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Thread: RGBM - Reduced Gradient Bubble Model

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    RGBM - Reduced Gradient Bubble Model


    RGBM - Reduced Gradient Bubble Model
    By Bruce R. Wienke, PhD and Timothy R. O'Leary
    Dissolved gas models limit degrees of tissue saturation, assuming that gas exchange is controlled by circulatory rate of delivery (perfusion) or gaseous diffusion between blood and tissue. The exchange of inert gas in the Haldane model is driven by the local gradient, which is the pressure differential between dissolved gas in the arterial blood and the local tissue tension (dissolved gas pressure within the tissue).

    Click above image to read editorial

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    Supporting Member edasque is a splendid one to behold edasque is a splendid one to behold edasque is a splendid one to behold edasque is a splendid one to behold edasque is a splendid one to behold edasque is a splendid one to behold edasque is a splendid one to behold edasque is a splendid one to behold edasque is a splendid one to behold edasque is a splendid one to behold edasque is a splendid one to behold edasque's Avatar
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    Re: RGBM - Reduced Gradient Bubble Model

    Do you have an RSS feed for all new articles? It'd be much easier to make sure I read all that's of interest.

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    Re: RGBM - Reduced Gradient Bubble Model

    Quote Originally Posted by edasque  View Original Post
    Do you have an RSS feed for all new articles? It'd be much easier to make sure I read all that's of interest.

    Reading into on how to make RSS Feeds and chanels

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    Re: RGBM - Reduced Gradient Bubble Model

    Let me know if you need help

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    Re: RGBM - Reduced Gradient Bubble Model

    In the article it states that RGBM incorporates temperature as one of the parameters for the algorithm. Have any calculations been used as a practical application of this concept?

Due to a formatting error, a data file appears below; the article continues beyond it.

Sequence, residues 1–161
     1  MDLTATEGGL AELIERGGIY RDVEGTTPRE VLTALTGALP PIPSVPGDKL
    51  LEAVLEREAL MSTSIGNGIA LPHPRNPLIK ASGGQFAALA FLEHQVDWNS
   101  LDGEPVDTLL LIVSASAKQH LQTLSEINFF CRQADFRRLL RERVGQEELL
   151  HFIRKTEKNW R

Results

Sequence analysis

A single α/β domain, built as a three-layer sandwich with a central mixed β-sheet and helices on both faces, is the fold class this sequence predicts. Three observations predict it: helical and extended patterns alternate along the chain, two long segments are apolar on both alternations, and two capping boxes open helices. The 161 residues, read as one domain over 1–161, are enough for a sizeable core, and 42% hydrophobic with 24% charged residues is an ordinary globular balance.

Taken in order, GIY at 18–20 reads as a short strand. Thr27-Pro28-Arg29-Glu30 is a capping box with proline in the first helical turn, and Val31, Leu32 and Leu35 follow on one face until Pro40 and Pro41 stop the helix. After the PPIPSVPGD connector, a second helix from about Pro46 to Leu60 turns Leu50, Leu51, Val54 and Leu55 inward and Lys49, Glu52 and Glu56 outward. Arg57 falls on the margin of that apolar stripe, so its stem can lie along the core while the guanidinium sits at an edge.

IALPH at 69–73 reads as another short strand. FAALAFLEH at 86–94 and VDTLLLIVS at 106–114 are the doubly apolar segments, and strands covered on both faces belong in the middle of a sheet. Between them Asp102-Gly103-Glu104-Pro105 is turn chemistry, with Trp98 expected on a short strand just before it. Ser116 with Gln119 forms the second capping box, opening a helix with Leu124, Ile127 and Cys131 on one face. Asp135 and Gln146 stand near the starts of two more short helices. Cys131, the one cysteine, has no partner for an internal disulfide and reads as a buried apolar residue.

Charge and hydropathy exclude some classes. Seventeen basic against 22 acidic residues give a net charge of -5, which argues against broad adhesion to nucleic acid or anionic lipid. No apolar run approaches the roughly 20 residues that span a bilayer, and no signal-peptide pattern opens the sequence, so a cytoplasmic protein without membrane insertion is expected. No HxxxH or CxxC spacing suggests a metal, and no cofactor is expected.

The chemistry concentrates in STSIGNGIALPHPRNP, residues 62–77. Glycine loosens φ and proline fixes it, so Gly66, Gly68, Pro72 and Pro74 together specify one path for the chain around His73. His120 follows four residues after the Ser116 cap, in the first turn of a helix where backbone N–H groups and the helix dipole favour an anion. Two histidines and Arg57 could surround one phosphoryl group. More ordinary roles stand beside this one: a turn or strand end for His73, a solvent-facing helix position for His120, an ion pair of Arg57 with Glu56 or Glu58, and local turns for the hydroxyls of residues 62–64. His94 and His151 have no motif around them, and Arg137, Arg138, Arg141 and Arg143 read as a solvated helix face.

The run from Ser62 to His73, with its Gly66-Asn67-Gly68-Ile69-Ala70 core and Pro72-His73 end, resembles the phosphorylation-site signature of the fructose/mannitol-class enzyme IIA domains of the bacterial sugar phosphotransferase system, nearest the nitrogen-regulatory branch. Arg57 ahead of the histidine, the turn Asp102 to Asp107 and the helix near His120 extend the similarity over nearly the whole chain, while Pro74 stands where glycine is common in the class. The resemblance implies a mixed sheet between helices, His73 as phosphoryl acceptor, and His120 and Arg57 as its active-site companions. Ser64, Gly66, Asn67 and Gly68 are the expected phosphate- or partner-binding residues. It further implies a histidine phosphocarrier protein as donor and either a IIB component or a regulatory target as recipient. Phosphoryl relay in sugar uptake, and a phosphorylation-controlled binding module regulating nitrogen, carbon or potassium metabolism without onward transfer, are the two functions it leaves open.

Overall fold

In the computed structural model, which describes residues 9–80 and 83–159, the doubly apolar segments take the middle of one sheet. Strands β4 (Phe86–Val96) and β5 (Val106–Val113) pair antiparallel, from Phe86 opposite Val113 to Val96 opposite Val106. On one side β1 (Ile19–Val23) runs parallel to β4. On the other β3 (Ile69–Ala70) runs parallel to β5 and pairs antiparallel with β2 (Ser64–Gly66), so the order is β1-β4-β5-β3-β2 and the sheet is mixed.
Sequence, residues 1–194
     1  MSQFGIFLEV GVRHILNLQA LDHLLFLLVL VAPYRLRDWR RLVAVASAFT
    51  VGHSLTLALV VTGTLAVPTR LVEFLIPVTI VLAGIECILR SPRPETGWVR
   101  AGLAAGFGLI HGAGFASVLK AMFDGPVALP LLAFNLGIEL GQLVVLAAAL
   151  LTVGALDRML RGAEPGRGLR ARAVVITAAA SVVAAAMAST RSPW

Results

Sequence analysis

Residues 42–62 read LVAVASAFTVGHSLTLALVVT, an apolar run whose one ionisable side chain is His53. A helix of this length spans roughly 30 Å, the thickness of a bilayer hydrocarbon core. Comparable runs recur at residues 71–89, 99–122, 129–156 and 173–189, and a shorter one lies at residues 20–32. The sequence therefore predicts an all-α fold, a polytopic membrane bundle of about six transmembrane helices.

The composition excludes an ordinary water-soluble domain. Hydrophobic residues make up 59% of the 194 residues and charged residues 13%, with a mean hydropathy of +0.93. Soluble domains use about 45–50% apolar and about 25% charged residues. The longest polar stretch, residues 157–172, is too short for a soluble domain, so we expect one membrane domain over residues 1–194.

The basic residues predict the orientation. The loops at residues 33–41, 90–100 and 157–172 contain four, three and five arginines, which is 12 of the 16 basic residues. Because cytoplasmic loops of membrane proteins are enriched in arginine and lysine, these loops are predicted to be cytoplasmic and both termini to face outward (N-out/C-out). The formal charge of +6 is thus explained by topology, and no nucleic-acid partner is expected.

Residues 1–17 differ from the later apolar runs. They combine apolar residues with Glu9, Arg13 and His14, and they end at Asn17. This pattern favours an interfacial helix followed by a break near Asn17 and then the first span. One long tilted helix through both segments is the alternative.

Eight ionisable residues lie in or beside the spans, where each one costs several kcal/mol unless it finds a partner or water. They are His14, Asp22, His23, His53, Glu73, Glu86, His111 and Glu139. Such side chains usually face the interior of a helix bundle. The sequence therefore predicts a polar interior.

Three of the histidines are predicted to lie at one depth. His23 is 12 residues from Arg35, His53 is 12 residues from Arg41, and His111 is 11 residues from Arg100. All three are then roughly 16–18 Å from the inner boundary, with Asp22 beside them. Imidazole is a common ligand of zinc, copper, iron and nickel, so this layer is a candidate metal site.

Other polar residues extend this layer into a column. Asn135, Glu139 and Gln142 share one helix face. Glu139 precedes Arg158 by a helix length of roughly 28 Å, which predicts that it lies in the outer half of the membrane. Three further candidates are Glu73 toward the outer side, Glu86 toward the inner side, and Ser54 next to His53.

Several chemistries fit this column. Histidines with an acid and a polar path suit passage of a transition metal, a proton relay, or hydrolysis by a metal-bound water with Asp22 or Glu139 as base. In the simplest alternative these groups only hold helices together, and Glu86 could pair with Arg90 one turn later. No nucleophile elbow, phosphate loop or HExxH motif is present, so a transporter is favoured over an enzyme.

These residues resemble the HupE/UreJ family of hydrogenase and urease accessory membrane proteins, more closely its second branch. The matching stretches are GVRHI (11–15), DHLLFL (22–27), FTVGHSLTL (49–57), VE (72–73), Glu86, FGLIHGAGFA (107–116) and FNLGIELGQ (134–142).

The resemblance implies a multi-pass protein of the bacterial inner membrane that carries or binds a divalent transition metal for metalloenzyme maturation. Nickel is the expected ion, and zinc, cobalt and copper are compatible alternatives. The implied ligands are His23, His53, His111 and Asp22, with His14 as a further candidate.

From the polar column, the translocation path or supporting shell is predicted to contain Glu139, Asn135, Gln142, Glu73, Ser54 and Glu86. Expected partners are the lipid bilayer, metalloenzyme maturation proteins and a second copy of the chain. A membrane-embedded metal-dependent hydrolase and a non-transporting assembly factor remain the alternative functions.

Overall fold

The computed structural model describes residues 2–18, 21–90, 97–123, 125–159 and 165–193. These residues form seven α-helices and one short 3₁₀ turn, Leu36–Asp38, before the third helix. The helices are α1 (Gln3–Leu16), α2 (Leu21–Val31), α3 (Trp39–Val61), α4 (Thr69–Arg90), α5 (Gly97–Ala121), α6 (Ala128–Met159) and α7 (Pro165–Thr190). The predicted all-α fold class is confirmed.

I guess what I am asking is if any computer uses the temperature sensor to change the dive profile? I am sure this is very complicated as there are many assumptions that would have to be made. There would have to be study to understand the temperature extremes of body tissue temperatures for extremities that would vary from, lets say core temperature. Perhaps there has been study's of an acceptable range of value's that the body could sustain in the peripheries and then that could be used as extreme values. In other words, it would take the water temperature and then apply the more conservative profile based on those variances to tissue temperatures.

    I am just thinking out loud here...

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    Re: RGBM - Reduced Gradient Bubble Model

    Quote Originally Posted by NEDIVER  View Original Post
    In the article it states that RGBM incorporates temperature as one of the parameters for the algorithm. Have any calculations been used as a practical application of this concept?

    I guess what I am asking is if any computer uses the temperature sensor to change the dive profile? I am sure this is very complicated as there are many assumptions that would have to be made. There would have to be study to understand the temperature extremes of body tissue temperatures for extremities that would vary from, lets say core temperature. Perhaps there has been study's of an acceptable range of value's that the body could sustain in the peripheries and then that could be used as extreme values. In other words, it would take the water temperature and then apply the more conservative profile based on those variances to tissue temperatures.

    I am just thinking out loud here...

    That would be a very difficult paramerter to monitor.
    It is not about the water temparature, it is about the temperature of your body, and the gas in your body.
    A diver in 10'C water with a drysuit and CF400 insulation, will be better off (warmer) than a diver in 15'C with a 3mm wetsuit.

    only worth 2c

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    Re: RGBM - Reduced Gradient Bubble Model

    Quote Originally Posted by Johan Pretorius  View Original Post
    That would be a very difficult paramerter to monitor.
    It is not about the water temparature, it is about the temperature of your body, and the gas in your body.
    A diver in 10'C water with a drysuit and CF400 insulation, will be better off (warmer) than a diver in 15'C with a 3mm wetsuit.

    only worth 2c
    I completely agree, as I stated in my post that is why I was wondering if there were tests done for drops of extremity temperature in cold water. Theoretically your tissues will only be able to drop to a threshold degree before they become non-functioning and in that case you have bigger problems. This way it reads the water temp and adjusts for the most extreme reduction of tissue temperature based on those perameters. This is why I stated that it would apply the more conservative choice into the changed profile (the one in a wet suit in 38 degree water). Who knows perhaps it could even be user controlled and set a conservative factor for level of thermal protection once the most extreme drop in temperature is determined. Of course this is all speculation and would rely on the temperature aspect being a measurement of tissue, and it is still unclear from the article what aspect of a sample it is using when referring to Temp.

    Cheers, we are on the same thought process.

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    Re: RGBM - Reduced Gradient Bubble Model

    Yes, It would be interreting to see the result

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